"Very few of our competitors can say that,"
@2014 The Economist Newspaper Ltd.
Distributed by the New York Times Syndi-
Home prices now are rising in 18 of the 23 countries The
Economist tracks across the globe, compared with only 12 a
year ago. America tops our table: The Case-Shiller index
released on New Year s Eve reported price increases of 13.6
per cent in the year to October 2013. Homes have risen in
value by 24 per cent since their March 2012 trough, but remain
20 per cent below their peak in April 2006.
American builders started work on more than one million
new homes in the year to November, for only the second time
since the financial crisis ended. This is far short of the 2.3
million recorded in January 2006, however, and below the
long-run average of 1.5 million. In all, American property is
enjoying a recovery, but not a bubble.
The Federal Reserve s decision to start tapering its buying
of bonds with newly created money -- that is, to scale back
the policy commonly known as quantitative easing or "QE"
-- by US$10 billion to US$75 billion a month, starting in January,
may take some wind out of home sales. Although mortgage
rates are rising, thanks to higher bond yields, housing remains
affordable. Prices are now at or around fair value according
to The Economist s measure, which compares prices with the
long-run average of rents and personal incomes.
Prices in Britain increased at their fastest rate in the past
three years in October, fueling fears of a housing bubble and
a subsequent crash, particularly in London, where prices
increased by 12 per cent. Although by The Economist s measure
British housing is overvalued against both rents and income,
Britain did not suffer a housing crash on the scale of America s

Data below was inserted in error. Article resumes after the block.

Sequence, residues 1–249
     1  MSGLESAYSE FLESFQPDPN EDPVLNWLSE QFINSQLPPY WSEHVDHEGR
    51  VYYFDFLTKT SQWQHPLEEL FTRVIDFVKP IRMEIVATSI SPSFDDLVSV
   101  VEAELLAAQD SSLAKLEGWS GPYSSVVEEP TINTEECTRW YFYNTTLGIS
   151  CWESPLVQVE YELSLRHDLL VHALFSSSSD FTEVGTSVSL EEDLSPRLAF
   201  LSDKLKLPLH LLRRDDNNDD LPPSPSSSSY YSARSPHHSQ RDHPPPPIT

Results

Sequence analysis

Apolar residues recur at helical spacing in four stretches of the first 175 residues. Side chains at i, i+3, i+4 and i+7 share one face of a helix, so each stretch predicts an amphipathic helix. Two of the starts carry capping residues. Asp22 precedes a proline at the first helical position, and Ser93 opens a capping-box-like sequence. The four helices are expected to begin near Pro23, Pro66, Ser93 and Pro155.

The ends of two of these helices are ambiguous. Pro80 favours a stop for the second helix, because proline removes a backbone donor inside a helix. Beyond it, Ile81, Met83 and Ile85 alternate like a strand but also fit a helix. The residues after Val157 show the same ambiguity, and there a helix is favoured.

in 2008, largely because supply is so tight.
Britain s government scrapped house-building targets in
2010. Projections of new-household formation suggest that
290,000 new homes will need to be built every year through
2031, but in the 12 months to March 2013 housing completions
fell to only 135,000, their lowest level since record keeping
began in 1949.
The north-south divide in the euro area continues. In Greece,
Italy and Spain, home prices declined by between five per
cent and ten per cent. However, the market finally has bottomed
out in Ireland: After halving during a six-year span, prices are
now nine per cent above their March low. Prices in Germany,
which has the lowest homeownership rate in the European
Union at 53 per cent, are rising at the fastest rate since reuni-
fication, although housing is still undervalued against both
rents and income.
Brazil, which will host the soccer World Cup in June, also
is having a housing boom. Prices increased 13 per cent in the
12 months to November, and in Rio de Janeiro, which will host
the Olympics in 2016, they have trebled since 2008.
Fears grow of a bubble in China, however, led by overde-
velopment and low occupancy. According to The Economist s
index, based on official figures from 70 Chinese cities, prices
increased by 8.7 per cent in the year to November 2013. India
may follow suit, with its prices across 15 cities with a total
population of 100 million having increased seven per cent in
the third quarter of 2013.
Canada appears to have been successful in cooling its market,
however. Its home-price inflation has dropped to 3.4 per cent,
though homes still look expensive.
@2014 The Economist Newspaper Ltd. Distributed by the
New York Times Syndicate
Castles made of sand